Updated news on the Gambino, Genovese, Bonanno, Lucchese and Colombo Organized Crime Families of New York City.

Thursday, April 19, 2018

Bonanno mobster's Queens house hits market for $3M

This is some loanshark luxury living.
A month after Bonanno crime family big Ronald "Ronnie G" Giallanzo pleaded guilty to racketeering conspiracy, the Daily News has learned his mobbed up mansion — with a wine cellar, gym and pool — is on the market for almost $2.9 million.
Giallanzo must sell his palatial, five-bedroom, three-bathroom and two half-bathroom Howard Beach pad.
That's according to his deal with Brooklyn federal prosecutors, who said the acting capo was at the top of a long-running loansharking operation, which lent millions at sky-high interest rates.
The feds filed pictures of the once modest, low-slung house before Giallanzo tore it down and used his ill-gotten gains to erect his custom-built compound.
The three-year-old home with 6,500 square feet of living space was “a daily visual reminder to those in his neighborhood of (Giallanzo’s)wealth and power,” prosecutors said.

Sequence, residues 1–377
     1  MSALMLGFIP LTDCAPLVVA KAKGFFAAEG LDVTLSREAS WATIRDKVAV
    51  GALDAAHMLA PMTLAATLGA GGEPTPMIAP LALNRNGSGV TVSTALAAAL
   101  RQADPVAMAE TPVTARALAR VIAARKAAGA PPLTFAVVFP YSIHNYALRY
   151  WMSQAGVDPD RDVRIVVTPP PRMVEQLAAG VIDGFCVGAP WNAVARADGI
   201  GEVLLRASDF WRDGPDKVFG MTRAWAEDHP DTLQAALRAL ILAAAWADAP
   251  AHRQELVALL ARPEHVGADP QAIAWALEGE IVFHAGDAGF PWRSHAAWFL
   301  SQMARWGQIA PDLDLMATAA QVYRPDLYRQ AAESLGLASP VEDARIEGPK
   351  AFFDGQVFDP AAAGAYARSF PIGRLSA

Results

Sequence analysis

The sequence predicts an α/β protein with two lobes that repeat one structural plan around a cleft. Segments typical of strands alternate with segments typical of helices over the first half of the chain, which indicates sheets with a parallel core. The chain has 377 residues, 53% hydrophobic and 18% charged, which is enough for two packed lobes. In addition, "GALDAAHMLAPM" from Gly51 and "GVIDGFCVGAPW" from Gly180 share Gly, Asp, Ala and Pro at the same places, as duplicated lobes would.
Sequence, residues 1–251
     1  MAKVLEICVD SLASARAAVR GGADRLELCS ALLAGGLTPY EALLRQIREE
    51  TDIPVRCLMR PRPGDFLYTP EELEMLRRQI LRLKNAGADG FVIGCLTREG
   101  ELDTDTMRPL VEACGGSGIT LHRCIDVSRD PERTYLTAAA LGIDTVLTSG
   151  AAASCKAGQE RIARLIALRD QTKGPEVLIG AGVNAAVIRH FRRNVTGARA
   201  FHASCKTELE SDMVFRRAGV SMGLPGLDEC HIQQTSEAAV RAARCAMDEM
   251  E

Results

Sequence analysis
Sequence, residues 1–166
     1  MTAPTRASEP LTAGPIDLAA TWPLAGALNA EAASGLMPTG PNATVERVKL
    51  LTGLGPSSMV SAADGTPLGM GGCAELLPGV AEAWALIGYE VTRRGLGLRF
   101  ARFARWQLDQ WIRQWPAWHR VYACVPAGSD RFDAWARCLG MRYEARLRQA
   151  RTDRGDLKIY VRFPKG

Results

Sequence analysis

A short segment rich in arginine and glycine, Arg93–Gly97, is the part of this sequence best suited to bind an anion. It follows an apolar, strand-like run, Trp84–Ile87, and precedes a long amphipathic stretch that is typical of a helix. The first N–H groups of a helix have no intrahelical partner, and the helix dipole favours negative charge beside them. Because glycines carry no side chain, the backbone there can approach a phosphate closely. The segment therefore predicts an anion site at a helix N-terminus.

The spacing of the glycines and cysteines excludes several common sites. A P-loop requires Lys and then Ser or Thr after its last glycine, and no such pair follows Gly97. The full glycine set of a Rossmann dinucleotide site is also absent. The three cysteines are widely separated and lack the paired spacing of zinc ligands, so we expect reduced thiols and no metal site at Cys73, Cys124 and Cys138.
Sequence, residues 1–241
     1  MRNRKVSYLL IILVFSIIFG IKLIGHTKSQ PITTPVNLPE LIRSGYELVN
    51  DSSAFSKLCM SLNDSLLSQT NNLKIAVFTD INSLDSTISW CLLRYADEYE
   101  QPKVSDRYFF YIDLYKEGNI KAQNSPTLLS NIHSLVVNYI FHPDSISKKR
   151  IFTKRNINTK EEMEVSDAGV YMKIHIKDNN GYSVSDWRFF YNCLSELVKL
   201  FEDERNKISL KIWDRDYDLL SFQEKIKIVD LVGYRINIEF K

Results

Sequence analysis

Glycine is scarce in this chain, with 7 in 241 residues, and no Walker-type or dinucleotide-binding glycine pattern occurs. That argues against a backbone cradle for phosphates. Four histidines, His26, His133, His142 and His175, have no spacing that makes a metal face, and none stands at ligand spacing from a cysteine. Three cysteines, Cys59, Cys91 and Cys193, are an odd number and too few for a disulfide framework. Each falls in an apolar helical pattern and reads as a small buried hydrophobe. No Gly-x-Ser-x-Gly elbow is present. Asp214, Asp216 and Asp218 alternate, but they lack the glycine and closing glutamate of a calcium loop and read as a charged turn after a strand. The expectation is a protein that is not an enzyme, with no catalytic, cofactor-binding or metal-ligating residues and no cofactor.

Listing pictures show off amenities like a “banquet size dining room” and a spacious kitchen. There's a classy-looking den stocked with top-shelf liquor and a workout spot with “only the strong survive” emblazoned on the wall.
And there's no need to sleep with the fishes at the Giallanzo estate. You can watch them and TV at the same time in a media room with a wide flat-screen television mounted above a large built-in fish tank.
The house also boasts “surveillance, fire and home alarm plus surround sound system,” the listing notes.
Giallanzo, 47, has two years to complete the sale, according to court papers. Proceeds from the sale go to Giallanzo's $1.25 million forfeiture requirement. But he could still face additional fines and restitution when he's sentenced in June.
During his guilty plea, Giallanzo admitted he extended and collected extortionate loans from five different people.
He's scheduled to be sentenced on June 29 and he faces up to 20 years in prison.
The home's listing agent declined to comment and Giallanzo's lawyer could not be reached for comment.



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